Hackers encrypt virtual hard disks using two VMWare ESXi vulnerabilities
Hypervisor flaws enable hackers to send requests to devices and take control
The vulnerabilities, CVE-2019-5544 and CVE-2020-3992, exist in the ESXi hypervisor that enables multiple virtual machines (VMs) to share the same storage hardware. The flaws affect the Service Layer Protocol (SLP), which allows computers and other devices to find services in a local area network without prior configuration.
According to reports, hackers have exploited the flaws to send malicious SLP requests to an ESXi device and take it over. Cyber criminals behind the RansomExx ransomware have been launching attacks since October 2020.
The cyber criminals gained access to devices on corporate networks and are using this as a springboard to attack other ESXi VMs and encrypt virtual hard drives.
According to a Reddit post, hackers have encrypted 1,000 VMs at Brazil’s Superior Tribunal de Justica (Brazil’s equivalent of the Supreme Court). Other victims have had VMs shut down and datastores encrypted and left with a ransom note at the datastore level.
Such attacks have been confirmed by security researcher Kevin Beaumont, who said hackers have used these vulnerabilities to bypass Windows security to shut down VMs and encrypt VMDKs directly on the hypervisor.
Currently, security researchers have only observed the RansomExx crime group abusing these flaws. However, researchers also believe the criminals behind the Babuk Locker ransomware have deployed similar tactics.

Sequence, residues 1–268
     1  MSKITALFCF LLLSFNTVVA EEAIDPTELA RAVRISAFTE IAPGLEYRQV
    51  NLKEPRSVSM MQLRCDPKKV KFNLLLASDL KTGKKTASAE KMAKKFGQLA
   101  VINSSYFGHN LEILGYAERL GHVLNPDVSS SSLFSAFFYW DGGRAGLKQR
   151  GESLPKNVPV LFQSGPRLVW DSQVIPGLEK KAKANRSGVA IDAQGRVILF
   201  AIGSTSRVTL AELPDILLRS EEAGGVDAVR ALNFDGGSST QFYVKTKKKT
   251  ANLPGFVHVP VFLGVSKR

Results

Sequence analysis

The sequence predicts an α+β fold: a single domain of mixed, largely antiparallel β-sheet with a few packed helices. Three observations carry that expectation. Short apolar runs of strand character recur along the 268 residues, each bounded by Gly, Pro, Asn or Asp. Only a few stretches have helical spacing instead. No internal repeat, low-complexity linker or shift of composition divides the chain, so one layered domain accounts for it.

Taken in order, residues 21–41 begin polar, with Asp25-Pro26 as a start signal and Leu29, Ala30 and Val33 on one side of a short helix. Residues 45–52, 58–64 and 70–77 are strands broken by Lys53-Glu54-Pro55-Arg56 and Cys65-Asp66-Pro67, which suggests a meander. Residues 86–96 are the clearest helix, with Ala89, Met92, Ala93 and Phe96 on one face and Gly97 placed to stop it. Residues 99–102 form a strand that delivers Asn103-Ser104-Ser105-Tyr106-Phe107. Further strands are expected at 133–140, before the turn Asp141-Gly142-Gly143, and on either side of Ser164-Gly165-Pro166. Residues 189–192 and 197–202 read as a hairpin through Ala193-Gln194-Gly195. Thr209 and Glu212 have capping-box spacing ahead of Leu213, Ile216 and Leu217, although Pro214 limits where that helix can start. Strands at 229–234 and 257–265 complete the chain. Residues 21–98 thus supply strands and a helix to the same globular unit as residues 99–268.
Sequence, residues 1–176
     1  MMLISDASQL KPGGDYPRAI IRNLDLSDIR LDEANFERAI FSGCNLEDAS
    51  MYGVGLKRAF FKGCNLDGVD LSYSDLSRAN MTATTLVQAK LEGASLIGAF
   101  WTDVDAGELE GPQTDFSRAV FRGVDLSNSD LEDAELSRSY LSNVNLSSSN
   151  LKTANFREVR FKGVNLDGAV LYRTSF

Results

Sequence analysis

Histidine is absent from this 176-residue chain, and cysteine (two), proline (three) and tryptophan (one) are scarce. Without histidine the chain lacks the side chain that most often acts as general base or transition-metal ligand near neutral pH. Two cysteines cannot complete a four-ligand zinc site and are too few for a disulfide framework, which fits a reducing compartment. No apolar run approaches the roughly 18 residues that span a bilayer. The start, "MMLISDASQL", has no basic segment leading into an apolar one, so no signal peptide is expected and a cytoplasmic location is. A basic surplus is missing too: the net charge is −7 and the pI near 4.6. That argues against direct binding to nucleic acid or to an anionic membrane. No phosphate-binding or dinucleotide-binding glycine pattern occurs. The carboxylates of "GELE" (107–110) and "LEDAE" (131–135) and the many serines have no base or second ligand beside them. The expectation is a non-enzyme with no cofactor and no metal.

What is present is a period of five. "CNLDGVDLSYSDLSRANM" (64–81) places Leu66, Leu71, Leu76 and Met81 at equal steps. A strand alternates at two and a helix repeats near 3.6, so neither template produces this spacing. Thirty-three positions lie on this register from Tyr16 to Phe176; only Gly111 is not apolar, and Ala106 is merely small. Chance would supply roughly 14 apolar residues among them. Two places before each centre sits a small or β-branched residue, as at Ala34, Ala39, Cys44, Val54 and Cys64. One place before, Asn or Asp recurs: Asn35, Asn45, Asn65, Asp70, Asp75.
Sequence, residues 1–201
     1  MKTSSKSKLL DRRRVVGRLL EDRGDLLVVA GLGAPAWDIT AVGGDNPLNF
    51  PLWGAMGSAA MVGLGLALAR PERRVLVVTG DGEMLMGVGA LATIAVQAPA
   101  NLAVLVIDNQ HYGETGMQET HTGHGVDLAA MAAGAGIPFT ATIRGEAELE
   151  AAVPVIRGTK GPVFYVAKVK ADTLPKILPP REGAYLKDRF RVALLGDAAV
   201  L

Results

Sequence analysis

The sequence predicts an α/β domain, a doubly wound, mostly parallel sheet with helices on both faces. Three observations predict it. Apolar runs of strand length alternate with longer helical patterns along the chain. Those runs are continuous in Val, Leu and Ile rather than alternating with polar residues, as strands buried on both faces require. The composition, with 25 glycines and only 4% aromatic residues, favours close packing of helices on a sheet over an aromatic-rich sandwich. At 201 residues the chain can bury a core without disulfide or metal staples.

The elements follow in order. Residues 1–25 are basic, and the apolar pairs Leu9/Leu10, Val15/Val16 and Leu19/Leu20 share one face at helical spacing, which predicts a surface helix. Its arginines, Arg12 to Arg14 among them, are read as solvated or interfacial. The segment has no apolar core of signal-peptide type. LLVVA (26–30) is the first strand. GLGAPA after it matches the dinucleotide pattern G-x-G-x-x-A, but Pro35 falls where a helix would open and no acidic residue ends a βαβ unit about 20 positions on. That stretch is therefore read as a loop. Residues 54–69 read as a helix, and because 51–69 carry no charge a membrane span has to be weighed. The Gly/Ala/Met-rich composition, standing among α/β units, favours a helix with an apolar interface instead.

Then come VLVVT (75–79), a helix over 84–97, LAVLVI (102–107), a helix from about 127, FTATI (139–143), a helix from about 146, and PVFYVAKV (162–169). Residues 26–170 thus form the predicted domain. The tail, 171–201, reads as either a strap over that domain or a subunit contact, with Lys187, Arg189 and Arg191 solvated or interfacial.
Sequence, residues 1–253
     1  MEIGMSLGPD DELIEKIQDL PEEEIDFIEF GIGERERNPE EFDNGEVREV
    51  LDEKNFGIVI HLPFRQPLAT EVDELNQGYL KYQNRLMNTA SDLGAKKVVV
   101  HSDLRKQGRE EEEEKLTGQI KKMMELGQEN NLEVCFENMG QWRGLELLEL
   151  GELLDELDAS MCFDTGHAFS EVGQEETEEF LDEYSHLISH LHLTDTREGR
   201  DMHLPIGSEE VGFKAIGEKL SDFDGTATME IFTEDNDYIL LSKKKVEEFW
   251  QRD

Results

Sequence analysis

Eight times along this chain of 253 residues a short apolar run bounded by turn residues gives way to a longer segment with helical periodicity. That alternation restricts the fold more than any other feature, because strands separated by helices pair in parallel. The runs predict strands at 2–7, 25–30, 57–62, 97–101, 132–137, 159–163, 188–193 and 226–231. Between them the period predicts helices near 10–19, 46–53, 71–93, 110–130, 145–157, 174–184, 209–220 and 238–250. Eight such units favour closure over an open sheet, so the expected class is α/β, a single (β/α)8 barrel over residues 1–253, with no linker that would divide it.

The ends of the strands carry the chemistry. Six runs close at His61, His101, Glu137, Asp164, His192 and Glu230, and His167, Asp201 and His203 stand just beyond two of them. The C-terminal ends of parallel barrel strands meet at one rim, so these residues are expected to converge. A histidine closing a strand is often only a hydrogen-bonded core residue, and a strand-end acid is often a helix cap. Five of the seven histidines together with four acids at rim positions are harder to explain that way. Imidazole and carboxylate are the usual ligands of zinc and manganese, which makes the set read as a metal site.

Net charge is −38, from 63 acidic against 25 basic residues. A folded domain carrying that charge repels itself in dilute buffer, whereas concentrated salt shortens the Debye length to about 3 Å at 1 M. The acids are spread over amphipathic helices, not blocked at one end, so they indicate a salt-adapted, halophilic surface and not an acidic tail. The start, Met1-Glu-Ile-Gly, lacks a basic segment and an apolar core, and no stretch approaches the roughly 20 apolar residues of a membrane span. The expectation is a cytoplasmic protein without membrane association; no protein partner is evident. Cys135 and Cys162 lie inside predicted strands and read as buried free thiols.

According to cyber security firm Kela, other cyber criminals have been selling access to ESXi instances on underground forums for thousands of dollars, which could explain the link between the ESXi flaws and the ransomware attacks using them.
System administrators have been urged to update their VMWare ESXi installs or disable SLP support to secure them.
Natalie Page, cyber threat intelligence analyst at Sy4 Security, told ITPro that VMWare is a lucrative platform for attackers to target due to its global prevalence.
“Luckily the recommendations in this instance are pretty straight forward, users of VMWare ESXi should prioritize implementing patches for both CVE-2019-5544 and CVE-2020-3992 or disable SLP support to prevent attacks if the protocol isn't needed,” Page said.
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